<ul class="category-list" v-show="showCategoryA" >
                    <li>Item #1</li>
                    <li>Item #2</li>
                    <li>Item #3</li>
                <button class="accordion" 
                    :class="{ active : showCategoryB }" 
                    @click="showCategoryB = !showCategoryB">Category B
                <ul class="category-list" v-show="showCategoryB">
                    <li>Item #100</li>
                    <li>Item #200</li>
                <button class="accordion" 
                    :class="{ active : showCategoryC }" 
                    @click="showCategoryC = !showCategoryC">Category C
                <ul class="category-list" v-show="showCategoryC">
                    <li>Item #9001</li>
                    <li>Item #9002</li>
                    <li>Item #9003</li>
                    <li>Item #9004</li>

This screenshot shows the UI and the Vue app instance when no items are expanded.

Screenshot of Browser
No Categories Selected

Because showing and hiding elements is so common, Vue.js provides a special directive v-show. This is applied to the child lists of Items. Initially, all three variables are set to "false". This makes v-show false through binding and gives the element a "display: none" style. When a value is set to true, the corresponding v-show evaluates to true and the "display: none" is removed.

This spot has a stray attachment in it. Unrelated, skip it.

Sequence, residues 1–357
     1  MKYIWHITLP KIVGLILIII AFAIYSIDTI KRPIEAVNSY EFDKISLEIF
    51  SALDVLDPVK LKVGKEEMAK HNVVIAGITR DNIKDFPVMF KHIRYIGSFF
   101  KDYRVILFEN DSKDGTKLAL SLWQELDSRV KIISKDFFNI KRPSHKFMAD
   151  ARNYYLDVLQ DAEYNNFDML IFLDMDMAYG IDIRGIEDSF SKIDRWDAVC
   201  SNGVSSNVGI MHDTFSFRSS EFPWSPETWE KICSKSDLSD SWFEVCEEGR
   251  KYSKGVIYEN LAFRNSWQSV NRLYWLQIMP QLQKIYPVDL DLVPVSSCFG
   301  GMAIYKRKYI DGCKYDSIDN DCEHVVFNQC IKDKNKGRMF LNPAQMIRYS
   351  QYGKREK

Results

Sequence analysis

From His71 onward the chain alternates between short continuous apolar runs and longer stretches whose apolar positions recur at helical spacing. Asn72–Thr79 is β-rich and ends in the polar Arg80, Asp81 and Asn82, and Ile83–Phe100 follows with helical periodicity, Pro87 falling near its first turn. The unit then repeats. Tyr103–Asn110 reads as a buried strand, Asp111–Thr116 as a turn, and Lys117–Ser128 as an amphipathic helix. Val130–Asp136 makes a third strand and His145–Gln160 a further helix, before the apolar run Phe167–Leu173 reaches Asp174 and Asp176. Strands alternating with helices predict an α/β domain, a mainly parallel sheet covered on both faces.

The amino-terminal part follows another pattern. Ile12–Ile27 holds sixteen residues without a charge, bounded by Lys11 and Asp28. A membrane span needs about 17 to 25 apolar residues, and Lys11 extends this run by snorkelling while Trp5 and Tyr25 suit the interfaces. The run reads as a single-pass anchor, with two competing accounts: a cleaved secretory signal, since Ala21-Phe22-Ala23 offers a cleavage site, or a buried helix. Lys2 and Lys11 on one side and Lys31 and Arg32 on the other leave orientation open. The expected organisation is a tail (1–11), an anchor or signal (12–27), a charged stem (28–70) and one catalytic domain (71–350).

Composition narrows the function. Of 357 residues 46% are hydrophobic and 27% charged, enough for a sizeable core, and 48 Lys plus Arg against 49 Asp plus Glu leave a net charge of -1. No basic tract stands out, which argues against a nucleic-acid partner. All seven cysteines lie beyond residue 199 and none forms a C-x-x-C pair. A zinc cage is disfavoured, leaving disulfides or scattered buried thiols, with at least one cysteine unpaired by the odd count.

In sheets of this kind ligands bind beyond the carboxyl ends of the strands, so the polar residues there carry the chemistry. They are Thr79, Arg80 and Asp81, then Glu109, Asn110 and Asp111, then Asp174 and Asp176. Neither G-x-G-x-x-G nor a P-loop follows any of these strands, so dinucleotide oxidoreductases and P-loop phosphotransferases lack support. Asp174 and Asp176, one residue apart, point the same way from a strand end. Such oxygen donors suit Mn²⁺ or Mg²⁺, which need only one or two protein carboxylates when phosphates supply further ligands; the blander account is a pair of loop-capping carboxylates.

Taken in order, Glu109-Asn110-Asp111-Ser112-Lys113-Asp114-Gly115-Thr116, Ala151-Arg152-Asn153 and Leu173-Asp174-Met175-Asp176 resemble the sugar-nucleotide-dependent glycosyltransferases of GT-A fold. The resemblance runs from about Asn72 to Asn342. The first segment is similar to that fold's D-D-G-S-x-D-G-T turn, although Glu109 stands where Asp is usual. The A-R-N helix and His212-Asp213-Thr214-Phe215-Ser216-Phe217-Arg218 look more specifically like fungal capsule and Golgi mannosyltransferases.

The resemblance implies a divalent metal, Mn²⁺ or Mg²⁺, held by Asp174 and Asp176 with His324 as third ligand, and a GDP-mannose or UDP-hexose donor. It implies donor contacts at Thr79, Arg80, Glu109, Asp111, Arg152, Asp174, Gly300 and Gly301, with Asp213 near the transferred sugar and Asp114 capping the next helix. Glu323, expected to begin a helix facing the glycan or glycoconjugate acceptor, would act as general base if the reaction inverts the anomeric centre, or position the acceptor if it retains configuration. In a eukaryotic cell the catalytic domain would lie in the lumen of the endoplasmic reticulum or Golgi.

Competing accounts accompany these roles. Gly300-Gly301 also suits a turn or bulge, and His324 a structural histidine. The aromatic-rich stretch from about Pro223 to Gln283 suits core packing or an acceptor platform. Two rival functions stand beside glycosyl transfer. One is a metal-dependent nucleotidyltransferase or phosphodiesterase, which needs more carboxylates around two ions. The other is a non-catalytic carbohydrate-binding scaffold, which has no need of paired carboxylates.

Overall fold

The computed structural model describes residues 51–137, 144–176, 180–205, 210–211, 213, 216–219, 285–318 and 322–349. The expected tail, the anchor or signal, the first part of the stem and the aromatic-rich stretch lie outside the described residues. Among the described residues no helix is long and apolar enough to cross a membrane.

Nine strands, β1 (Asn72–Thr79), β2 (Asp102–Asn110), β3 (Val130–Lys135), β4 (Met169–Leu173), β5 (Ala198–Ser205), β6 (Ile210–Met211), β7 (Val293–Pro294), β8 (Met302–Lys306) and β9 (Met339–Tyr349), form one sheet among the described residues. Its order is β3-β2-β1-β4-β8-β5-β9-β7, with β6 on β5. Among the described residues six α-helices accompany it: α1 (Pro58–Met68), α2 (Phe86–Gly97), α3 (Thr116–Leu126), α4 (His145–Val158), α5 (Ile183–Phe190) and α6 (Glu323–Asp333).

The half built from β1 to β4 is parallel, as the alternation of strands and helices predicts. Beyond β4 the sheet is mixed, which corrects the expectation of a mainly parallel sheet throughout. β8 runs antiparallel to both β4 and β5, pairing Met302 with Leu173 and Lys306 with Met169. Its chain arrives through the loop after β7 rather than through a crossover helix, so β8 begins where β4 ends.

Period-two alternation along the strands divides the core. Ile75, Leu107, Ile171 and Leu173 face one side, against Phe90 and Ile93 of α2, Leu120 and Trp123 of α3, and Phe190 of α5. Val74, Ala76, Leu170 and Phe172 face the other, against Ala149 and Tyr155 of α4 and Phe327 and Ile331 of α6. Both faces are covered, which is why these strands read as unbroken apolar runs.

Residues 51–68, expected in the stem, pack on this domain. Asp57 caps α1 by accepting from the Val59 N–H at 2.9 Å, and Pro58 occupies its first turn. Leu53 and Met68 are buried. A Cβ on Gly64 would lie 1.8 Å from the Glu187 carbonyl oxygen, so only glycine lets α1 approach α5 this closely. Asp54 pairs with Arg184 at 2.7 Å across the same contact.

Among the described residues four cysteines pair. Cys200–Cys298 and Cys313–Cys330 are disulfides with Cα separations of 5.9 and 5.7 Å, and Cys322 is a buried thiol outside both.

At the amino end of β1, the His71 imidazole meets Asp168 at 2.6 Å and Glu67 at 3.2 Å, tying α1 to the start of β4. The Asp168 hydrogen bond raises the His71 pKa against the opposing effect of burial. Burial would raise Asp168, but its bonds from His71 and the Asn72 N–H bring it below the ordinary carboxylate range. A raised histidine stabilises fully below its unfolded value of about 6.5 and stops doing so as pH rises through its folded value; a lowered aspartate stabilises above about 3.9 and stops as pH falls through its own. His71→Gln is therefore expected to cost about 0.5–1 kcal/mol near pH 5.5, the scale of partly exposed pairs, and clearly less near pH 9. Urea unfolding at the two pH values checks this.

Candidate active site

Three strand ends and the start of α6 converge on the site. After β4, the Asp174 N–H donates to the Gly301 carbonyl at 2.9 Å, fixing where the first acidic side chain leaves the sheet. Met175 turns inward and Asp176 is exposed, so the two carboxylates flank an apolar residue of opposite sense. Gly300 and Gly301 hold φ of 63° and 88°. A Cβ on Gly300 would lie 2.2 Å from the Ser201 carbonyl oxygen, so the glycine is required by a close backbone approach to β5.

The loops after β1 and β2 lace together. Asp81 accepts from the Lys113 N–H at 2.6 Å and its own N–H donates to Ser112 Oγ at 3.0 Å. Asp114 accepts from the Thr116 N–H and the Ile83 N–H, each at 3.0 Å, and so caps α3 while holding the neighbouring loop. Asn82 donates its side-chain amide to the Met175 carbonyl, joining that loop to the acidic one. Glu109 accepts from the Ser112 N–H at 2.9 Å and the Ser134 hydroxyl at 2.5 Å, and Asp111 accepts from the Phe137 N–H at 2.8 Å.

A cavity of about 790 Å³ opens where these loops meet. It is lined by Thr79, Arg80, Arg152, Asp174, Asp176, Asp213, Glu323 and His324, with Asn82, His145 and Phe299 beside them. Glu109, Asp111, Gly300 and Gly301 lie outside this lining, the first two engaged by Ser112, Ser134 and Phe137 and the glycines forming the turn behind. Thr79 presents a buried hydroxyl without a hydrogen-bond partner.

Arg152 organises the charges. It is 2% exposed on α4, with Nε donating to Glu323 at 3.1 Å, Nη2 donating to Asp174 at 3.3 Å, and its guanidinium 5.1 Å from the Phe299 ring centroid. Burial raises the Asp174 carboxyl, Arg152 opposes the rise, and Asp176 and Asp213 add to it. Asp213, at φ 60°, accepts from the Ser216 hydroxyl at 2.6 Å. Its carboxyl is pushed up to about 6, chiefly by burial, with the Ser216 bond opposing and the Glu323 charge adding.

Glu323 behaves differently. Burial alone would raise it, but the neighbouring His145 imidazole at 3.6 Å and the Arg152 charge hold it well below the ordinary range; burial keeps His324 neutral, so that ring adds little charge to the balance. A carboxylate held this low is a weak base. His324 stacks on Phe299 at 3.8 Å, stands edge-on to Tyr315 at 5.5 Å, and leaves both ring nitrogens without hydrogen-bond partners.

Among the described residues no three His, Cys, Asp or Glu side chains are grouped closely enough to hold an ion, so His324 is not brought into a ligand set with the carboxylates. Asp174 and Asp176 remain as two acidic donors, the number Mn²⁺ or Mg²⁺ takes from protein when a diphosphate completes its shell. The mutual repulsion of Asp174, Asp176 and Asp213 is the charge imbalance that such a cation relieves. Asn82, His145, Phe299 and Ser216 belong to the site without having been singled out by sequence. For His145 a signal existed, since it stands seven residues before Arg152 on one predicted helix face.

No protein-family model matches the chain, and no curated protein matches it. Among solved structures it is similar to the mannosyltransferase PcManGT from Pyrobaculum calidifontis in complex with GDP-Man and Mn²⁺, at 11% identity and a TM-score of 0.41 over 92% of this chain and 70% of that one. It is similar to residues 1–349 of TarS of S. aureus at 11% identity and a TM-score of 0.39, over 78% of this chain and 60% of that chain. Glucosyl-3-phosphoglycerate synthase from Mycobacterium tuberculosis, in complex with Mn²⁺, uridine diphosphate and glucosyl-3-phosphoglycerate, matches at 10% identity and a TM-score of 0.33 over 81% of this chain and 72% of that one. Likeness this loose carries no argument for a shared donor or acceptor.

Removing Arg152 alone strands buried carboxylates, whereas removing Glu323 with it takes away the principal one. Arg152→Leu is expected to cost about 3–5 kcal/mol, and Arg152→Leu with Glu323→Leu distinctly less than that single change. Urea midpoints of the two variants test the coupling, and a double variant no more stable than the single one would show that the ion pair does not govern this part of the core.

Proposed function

This example presents three very similar blocks of code. This is for demonstration purposes to emphasize the styling. A real-world solution would factor out the common HTML into a single component and manage the differences in a data structure. For instance, there might be an array called "categories" that includes a show flag and a list of child items.

To change the viewable state of an Items list, there is an event handler attached to the buttons. The @click is shorthand for v-on:click. Rather than invoke a method, I've opted to put that trivial variable toggle in the click attribute. A click on the button will assign the corresponding variable the inverse value (true if false or false if true).